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Coming to Los Angeles


Coming to California
Jules Engel Film-maker
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For me, drawing, for me, drawing was natural. For me, athletics was natural. There was no effort, you know? The coach said, 'Why don't you run a little faster'? I said, 'Coach, I'm winning'. You know? 'I don't have to run any faster, I'm winning.' You know? He was a nice person and he was also, I don't know what he was teaching but that time, maybe even today, they can coach and they have a class, they teach some class. And it's just part and parcel, you know? But the geometry teacher at Evanston High, he wanted desperately for me to go to his… his university that he graduate from and his son was graduating that year. But [U]SC and UCLA, they have such a big name, you know, in that world, that I had to get on a bus. It took about three or four days on a bus to come to Los Angeles. I remember I arrived in Los Angeles after three days on the bus, and my pants, they came all the way up here because of the way you sit and you eventually get all messy and everything down there is up here. But I wanted to come here because of the… really because of the athletics, what brought me to Southern California. And I can say, right now, that everything turned out to be just right. Because if I'd gone to the university that this teacher of mine wanted to go, I don't know what the hell, I probably would have ended up as a coach or… or some damn thing. But I felt that this is the place for me, California, because of the athletes. That brought me to California, yeah.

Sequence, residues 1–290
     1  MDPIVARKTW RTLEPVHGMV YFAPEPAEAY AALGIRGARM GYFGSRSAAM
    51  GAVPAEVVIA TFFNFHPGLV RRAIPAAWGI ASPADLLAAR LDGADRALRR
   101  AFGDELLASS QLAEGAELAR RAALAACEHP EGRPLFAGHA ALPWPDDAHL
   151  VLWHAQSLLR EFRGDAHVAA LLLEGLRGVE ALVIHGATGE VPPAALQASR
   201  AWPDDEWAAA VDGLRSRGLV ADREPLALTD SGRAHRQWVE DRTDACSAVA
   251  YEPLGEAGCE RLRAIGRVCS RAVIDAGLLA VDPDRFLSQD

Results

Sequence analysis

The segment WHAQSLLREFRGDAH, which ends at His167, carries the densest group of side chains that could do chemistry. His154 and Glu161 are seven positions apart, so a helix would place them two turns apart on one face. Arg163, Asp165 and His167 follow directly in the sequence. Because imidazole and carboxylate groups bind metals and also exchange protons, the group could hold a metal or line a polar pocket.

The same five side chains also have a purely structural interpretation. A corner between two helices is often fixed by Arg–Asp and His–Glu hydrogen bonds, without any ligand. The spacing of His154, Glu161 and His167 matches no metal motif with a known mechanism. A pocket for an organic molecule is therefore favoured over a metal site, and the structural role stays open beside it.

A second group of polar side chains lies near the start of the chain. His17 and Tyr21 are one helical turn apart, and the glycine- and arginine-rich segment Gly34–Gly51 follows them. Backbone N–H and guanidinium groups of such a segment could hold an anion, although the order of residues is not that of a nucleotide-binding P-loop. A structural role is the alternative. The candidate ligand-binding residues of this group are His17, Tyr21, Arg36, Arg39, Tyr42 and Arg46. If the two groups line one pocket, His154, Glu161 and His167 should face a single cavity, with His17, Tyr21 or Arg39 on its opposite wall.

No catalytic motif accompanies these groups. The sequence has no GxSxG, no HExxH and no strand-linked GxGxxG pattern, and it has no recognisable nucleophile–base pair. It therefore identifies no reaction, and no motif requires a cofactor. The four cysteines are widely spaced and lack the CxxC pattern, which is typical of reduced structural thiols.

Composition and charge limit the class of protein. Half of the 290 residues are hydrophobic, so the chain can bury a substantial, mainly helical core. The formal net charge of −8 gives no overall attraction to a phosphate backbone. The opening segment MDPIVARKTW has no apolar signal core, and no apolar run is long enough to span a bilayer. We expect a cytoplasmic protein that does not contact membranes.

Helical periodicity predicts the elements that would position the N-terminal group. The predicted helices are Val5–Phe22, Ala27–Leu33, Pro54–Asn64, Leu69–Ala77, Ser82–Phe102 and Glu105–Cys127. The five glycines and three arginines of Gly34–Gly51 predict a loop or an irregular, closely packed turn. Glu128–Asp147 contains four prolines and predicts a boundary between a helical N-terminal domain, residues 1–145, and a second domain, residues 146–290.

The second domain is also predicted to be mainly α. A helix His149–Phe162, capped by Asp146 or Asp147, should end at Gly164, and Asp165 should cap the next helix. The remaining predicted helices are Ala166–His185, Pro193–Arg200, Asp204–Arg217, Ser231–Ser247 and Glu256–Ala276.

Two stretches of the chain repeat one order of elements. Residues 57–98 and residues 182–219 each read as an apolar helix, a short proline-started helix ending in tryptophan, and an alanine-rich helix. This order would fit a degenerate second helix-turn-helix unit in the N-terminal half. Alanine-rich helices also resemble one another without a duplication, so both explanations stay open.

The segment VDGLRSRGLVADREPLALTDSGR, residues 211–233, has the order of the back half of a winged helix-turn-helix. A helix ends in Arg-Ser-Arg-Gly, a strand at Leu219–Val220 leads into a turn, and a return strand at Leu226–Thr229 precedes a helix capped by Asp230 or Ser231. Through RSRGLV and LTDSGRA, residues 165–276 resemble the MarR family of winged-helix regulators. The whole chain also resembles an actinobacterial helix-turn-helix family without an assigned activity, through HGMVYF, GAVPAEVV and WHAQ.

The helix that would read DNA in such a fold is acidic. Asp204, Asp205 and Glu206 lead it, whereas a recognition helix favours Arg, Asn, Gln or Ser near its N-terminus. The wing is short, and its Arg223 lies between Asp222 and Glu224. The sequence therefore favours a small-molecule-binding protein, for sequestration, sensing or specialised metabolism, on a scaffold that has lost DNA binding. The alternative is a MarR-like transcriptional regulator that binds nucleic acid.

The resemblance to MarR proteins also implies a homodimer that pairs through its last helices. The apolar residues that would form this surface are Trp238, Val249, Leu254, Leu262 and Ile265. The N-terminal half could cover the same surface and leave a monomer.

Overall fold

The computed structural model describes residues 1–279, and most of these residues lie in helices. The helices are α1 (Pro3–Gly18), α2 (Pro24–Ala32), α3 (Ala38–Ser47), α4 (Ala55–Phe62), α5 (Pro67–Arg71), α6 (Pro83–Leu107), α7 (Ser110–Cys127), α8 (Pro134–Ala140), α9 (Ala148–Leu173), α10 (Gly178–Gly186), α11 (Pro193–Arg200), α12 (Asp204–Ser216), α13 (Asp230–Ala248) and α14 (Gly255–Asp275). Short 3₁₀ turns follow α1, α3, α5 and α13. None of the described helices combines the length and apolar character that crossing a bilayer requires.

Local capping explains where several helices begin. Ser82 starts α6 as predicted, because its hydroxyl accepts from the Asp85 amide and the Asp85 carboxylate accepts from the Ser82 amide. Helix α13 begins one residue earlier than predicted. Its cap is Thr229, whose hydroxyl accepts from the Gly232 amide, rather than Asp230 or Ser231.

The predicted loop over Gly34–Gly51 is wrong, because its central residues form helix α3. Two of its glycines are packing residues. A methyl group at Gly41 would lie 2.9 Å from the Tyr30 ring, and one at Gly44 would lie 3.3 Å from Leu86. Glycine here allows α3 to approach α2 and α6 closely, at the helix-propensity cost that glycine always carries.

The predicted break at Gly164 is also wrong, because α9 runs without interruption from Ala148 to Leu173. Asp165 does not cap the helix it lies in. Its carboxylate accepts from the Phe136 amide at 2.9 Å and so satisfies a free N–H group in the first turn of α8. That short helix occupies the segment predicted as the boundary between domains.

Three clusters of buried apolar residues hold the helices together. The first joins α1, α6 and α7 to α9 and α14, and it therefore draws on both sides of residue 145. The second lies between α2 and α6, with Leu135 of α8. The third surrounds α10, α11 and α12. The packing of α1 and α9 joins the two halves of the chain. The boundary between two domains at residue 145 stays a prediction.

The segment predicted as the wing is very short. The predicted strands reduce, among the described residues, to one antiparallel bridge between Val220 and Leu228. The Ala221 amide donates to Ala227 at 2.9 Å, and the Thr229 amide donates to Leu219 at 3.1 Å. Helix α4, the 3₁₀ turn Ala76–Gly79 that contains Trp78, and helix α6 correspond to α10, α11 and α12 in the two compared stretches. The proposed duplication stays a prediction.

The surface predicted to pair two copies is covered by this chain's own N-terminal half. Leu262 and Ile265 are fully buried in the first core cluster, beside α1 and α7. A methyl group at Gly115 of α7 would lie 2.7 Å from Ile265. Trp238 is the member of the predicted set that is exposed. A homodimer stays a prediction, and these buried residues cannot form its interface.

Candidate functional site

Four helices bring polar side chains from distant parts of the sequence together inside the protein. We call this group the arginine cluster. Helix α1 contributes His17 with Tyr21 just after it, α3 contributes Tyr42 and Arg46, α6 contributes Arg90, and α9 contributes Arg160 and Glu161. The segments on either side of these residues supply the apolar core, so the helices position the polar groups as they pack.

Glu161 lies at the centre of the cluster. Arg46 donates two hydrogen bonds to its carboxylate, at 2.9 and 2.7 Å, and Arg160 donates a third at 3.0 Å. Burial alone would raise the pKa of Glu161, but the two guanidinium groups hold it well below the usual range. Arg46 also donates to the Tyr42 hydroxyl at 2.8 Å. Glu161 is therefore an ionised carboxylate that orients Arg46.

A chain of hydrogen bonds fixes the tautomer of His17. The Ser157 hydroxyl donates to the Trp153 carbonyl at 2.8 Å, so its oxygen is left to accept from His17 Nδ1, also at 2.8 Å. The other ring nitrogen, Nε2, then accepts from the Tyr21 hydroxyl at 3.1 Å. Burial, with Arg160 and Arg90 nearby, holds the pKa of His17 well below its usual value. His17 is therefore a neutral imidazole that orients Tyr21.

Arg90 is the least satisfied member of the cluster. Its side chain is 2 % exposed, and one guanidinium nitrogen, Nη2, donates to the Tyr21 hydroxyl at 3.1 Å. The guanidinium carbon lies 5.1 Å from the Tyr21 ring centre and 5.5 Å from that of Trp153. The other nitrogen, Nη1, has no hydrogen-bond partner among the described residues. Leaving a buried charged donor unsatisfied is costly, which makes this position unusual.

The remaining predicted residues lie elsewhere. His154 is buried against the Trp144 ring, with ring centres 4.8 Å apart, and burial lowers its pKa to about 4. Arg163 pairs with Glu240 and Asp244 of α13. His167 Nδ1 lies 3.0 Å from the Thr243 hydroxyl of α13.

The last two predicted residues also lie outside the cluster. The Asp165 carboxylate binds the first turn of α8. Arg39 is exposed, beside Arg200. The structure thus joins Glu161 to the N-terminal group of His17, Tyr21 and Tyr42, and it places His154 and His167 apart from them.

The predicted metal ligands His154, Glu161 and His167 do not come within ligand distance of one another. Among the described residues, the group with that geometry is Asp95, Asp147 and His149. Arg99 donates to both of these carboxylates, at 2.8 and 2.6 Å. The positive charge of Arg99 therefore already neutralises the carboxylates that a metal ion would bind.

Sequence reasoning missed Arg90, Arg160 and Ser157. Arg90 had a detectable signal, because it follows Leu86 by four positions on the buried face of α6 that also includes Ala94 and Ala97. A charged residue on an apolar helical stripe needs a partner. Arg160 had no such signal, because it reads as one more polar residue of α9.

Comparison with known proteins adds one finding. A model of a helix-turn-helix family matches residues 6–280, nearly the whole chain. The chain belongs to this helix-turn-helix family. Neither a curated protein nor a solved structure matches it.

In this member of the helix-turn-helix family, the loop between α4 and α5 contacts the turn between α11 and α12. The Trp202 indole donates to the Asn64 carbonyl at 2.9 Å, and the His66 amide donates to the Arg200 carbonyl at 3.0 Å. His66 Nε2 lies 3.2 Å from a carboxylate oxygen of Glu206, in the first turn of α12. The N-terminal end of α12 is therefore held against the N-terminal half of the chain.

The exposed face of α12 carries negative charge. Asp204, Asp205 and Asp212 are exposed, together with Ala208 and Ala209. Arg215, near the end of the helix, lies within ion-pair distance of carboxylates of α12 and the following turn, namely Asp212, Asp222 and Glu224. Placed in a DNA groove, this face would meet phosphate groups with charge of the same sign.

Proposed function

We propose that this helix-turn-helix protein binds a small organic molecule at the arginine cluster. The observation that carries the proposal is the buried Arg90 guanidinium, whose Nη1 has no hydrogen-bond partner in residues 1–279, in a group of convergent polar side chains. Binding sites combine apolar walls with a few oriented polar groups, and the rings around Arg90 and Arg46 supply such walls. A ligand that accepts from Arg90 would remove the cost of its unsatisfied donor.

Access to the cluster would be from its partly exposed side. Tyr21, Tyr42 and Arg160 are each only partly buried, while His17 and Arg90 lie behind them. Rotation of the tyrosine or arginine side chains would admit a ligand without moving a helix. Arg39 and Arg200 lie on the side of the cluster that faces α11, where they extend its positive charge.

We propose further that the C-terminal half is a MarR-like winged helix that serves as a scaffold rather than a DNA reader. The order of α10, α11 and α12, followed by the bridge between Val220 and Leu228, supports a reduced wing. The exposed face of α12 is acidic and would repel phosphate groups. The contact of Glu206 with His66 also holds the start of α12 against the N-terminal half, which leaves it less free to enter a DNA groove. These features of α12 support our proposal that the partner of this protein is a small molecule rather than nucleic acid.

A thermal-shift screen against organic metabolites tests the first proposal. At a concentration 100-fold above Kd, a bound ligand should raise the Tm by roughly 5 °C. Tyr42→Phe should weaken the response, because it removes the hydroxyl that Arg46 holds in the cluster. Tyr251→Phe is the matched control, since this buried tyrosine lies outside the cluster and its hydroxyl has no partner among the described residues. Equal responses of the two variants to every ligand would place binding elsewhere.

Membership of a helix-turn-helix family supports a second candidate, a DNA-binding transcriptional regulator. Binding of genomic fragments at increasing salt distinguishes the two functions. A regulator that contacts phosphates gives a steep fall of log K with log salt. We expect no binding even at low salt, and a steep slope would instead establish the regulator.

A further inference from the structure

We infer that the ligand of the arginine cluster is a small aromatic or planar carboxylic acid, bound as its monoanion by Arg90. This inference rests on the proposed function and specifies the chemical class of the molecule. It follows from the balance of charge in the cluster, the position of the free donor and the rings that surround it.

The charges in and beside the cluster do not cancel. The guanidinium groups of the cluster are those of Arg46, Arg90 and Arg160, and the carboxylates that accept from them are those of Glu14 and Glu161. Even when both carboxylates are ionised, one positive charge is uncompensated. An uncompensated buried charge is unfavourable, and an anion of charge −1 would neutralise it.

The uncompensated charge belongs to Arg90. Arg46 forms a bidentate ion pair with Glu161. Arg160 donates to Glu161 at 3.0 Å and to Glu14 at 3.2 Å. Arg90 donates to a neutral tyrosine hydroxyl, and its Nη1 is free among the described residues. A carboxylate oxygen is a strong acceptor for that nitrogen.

The late Hungarian-American film-maker Jules Engel is best known for his contribution to the field of animation. His work includes the dance sequences in Walt Disney's 'Fantasia' and the creation of 'Mr Magoo'. His films and lithographs are housed in museums all over the world and have won many awards.

Listeners: Tamara Tracz Bill Moritz

Tamara Tracz is a writer and filmmaker based in London.

William Moritz received his doctorate from USC and pursues parallel careers as filmmaker and writer. His forty-four experimental and animation films have been screened at museums in Paris, Amsterdam and Tokyo, among others. He published widely on Oskar Fischinger, James Whitney, Bruce Conner, the Fleischers and 200 pages of animation history for an AbsolutVodka website. He wrote chapters for the "Oxford History of Cinema", appeared in several television documentaries, curated art exhibits and received a lifetime achievement trophy from the Netherlands Royal Academy for his work with visual music. He has served on film festival juries and received an American Film Institute filmmaking grant. His poetry and plays are also performed and published. He is a leading expert of Oskar Fischinger and recently published a biography of him. He teaches at The California Institute of the Arts.

Tags: Evanston High School, University of Southern California, The University of California, Los Angeles, UCLA

Duration: 2 minutes, 2 seconds

Date story recorded: April 2003

Date story went live: 24 January 2008